Column 3 presents the results for the change in the VIX. Equity market volatility does not react significantly to Fed communication events. The closest variable of significance (p = 0.11) are remarks by Reserve Bank presidents. Equity market volatility does, however, react significantly to macroeconomic data releases. Finally, in all three regressions, the constant and the lagged dependent variable are significant at the 1 percent level.
Figure 5 provides some visual evidence for the behavior of equity market volatility around FOMC meetings: From January 1994 to December 2017, the VIX begins to rise about a week before an FOMC meeting. The VIX then drops relatively sharply (nearly 3 percent) on the day the FOMC statement is released. This finding suggests that equity markets appear to be increasingly uncertain about the meeting outcome, or its effects on financial markets, in the run-up to FOMC meetings.35 Likewise, we see a noticeable reduction in market volatility after the policy announcement (statement), perhaps indicating a decline in uncertainty and clearer understanding of the Fed's reaction function. Finally, other than the lagged dependent variable, the dummy variable that accounts for the release of key economic reports is the only other independent variable that is statistically significant.
We now turn to the second approach of our empirical exercise, namely, examining the effects of communication events on financial market outcomes using intraday data.
Empirical Analysis: Intraday Data
We use intraday data to estimate the effects of Fed communication on key financial market variables. Many researchers have used intraday data to gauge market reactions to monetary policy surprises or to the Fed's announcements of unconventional polices after the Financial Crisis. These event studies, as they are often called, are intended to measure the financial market's response to news at intervals measured in minutes. Our analysis of the market's response to Fed communication events generally follows the form and practice of the event study literature.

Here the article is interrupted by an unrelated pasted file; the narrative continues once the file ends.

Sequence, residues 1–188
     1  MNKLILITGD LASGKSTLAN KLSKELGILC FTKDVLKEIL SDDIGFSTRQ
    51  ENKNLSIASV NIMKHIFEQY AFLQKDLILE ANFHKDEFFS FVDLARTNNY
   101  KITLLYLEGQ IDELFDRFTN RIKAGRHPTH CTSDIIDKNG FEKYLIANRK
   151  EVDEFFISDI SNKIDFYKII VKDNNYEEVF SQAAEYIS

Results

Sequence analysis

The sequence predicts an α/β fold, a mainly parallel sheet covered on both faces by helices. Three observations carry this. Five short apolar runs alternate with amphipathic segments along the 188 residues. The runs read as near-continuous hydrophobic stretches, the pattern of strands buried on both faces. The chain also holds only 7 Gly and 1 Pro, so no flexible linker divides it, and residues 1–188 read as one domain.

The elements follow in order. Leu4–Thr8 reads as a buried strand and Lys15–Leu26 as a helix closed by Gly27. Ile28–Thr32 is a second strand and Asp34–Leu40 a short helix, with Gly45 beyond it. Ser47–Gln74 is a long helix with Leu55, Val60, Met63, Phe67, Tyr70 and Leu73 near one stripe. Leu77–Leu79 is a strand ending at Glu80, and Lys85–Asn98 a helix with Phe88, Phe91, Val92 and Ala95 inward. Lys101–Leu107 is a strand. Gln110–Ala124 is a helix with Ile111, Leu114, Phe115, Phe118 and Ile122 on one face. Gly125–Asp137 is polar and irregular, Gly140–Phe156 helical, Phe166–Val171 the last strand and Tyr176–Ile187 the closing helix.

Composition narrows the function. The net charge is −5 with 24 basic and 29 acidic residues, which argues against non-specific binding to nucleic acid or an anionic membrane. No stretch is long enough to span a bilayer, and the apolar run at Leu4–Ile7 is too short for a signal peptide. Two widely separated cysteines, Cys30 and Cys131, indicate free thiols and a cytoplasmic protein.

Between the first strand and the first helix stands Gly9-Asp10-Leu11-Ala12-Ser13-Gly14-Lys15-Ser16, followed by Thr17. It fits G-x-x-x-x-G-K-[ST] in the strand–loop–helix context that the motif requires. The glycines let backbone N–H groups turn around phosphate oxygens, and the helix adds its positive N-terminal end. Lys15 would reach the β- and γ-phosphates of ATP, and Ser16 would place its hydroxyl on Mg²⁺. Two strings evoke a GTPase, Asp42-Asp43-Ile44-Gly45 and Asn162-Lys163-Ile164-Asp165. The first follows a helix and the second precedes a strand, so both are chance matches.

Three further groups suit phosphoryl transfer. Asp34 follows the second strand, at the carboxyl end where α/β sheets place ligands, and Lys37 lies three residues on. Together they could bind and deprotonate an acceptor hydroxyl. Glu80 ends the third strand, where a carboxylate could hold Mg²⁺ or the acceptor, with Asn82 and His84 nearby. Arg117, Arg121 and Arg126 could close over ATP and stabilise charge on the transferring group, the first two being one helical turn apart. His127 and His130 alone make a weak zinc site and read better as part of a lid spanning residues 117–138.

Event studies can be criticized for many reasons. First, the studies gauge only the initial announcement responses rather than the responses across time. Second, the results can be sensitive to the choice of window size—that is, responses evaluated over a 1-minute window versus a 5- or 10-minute window. Third, responses could be affected by non-announcement effects, such as from economic data releases or geopolitical events. In view of these concerns, we tested several different window sizes for robustness and used minute-by-minute asset price data for the S&P 500 stock prices and 10-year Treasury futures prices.36 For FOMC meeting statements, FOMC minutes, and unconventional policy announcements (non-speaker events), a window of plus or minus 15 minutes is used. For FOMC press conferences and other public remarks (speaker events), a window of 15 minutes before to 60 minutes after the event is used. We do not find that the interpretation of the results meaningfully changes when the event window is adjusted.37
Since these two variables are both prices, we calculate the percent change in each series over each event window.38 We then summarize this information via two metrics: mean absolute change and cumulative change. For non-speaker events, where the event window is +/– 15 minutes, the mean absolute change can be represented as
where represents, for each non-speaker event category j, the asset price associated with observation i at time t, and N represents the total number of observations for each non-speaker event category j over the sample.
Likewise, for speaker events, where the event window is –15/+60 minutes, the mean absolute change can be represented as
using the same notation as before.
The cumulative change is calculated similarly, but we are now summing (instead of averaging) over our sample, and we are not taking the absolute value beforehand. We represent this as